but between two whole communities. The 'floating vote' for which
rival parties would normally compete was almost non-existent.
Thus the relationship between the parties was not fluctuating
and uncertain, but virtually fixed from one Election to another.
Such a situation was unlikely to foster either sensitivity on
the part of the permanent majority, or a sense of responsibility
on the part of the permanent minority.
15 It would be quite wrong to infer that, in spite of this fundamental
defect at the heart of the system, successive Governments of Northern
Ireland did not achieve-with the co-operation, financial and otherwise,
of successive United Kingdom Governments-substantial advances
in many important fields of vital concern to the individual citizen
and the whole community. In 1921 Northern Ireland, in many of
its public services, shared with the rest of Ireland lower standards
than Great Britain. Over the half century which followed, schools,
hospitals, roads and many other services were developed to levels
fully comparable with those of any area of Great Britain. Energetic
industrial development policies achieved great economic diversification
and a marked increase in real wealth, though, as in certain regions
of Great Britain, this failed to bring unemployment percentages
down to the national average in the face of contracting employment
in certain basic industries.
16 There were, however, persistent protests on behalf of the Roman
Catholic minority that they were being excluded by deliberate
policy from their fair share of the benefits of increasing prosperity,
and from that legitimate political influence which would permit
their claims to be more effectively advanced. While some of these
complaints were undoubtedly justified, in some cases opportunities
to participate were not taken up, and in others the minority,
detecting an unfavourable position resulting from other circumstances,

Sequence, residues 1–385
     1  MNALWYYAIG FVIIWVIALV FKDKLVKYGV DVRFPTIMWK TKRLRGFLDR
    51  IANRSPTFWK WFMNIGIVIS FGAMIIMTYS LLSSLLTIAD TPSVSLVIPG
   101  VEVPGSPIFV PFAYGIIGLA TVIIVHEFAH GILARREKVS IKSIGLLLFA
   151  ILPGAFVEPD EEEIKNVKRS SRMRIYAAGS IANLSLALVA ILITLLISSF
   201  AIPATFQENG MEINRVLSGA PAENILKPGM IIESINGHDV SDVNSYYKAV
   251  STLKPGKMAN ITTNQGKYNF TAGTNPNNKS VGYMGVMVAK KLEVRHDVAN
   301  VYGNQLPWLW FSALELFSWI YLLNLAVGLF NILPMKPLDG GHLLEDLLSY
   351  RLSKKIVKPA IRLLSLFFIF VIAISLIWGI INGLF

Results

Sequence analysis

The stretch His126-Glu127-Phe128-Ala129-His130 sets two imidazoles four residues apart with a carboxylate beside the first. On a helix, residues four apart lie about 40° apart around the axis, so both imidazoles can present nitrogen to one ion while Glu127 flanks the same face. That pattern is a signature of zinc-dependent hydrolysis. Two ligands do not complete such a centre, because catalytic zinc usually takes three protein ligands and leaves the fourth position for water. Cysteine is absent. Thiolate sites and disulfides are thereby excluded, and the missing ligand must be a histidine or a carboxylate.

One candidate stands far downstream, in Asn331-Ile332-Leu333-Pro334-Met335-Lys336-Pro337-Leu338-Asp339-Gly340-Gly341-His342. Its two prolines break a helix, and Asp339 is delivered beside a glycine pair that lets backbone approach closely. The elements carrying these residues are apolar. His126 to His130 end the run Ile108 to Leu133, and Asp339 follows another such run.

genuinely believed that there had been bias or malice where none
existed. Thus a higher rate of unemployment in a comparatively
remote area which had a predominantly Roman Catholic population
could be attributed by that population to governmental bias against
it; but could also result from the real practical problems of
promoting new economic development in a remote area. What is incontestable
is that the continuous and complete control of central government
by representatives of the majority alone was virtually bound to
give rise to such suspicions.
17 Moreover, since the Report in 1969 of the Commission headed
by Lord Cameron there has been on record an account of deliberate
policies of discrimination, particularly in relation to housing
and public employment by some though not all of the local authorities
in Northern Ireland, and of a toleration of local government electoral
boundaries in some areas which produced wholly artificial results.
18 When the 1920 Act was passed, there had been a clear intention
to prevent discrimination whether in legislation or in executive
acts. Section 5(1) of the Act prohibited the making of laws interfering
with religious equality, while section 8(6) prohibited the use
of the executive power so as to give a preference, privilege or
advantage, or impose a disability or disadvantage on any person
on account of religious belief. Whether because of doubts about
the application of section 8(6) to local authorities and public
bodies as distinct from central government or because of the difficulty
of proving actual bias in an individual case, these provisions
were not in practice invoked by persons seeking redress before
the Courts. Thus many members of the minority felt that they could
not expect redress of grievance through Parliament or through
the constitutional safeguards which had been written into the
Act of 1920.
19 By 1968 there had emerged an active and articulate movement
demanding changes in the area of civil rights, such as the acceptance
of universal adult suffrage as the basis for all elections, the
redrawing of electoral boundaries, and the ending of discrimination
in employment and housing. From the start this movement was largely
(though not exclusively) Roman Catholic, and although it undoubtedly
attracted support from militant republicanism, its declared aim
was to achieve the objectives by non-violent means. On 5 October
1968, however, a violent confrontation with the police occurred
when a Civil Rights march took place in Londonderry in defiance
of an Order made by the Minister of Home Affairs for Northern
20 The reactions and counter-reactions which followed led in August 1969, to widespread inter-communal disorders at a number of places in Northern Ireland. These were subsequently to be described in the report of the Scarman Tribunal as follows:
21 On 19 August the Prime Minister (Mr. Wilson) and a number of
his senior colleagues met Major Chichester-Clark and other Northern
Ireland Ministers at 10 Downing Street. The practical results
of this meeting included giving the General Officer Commanding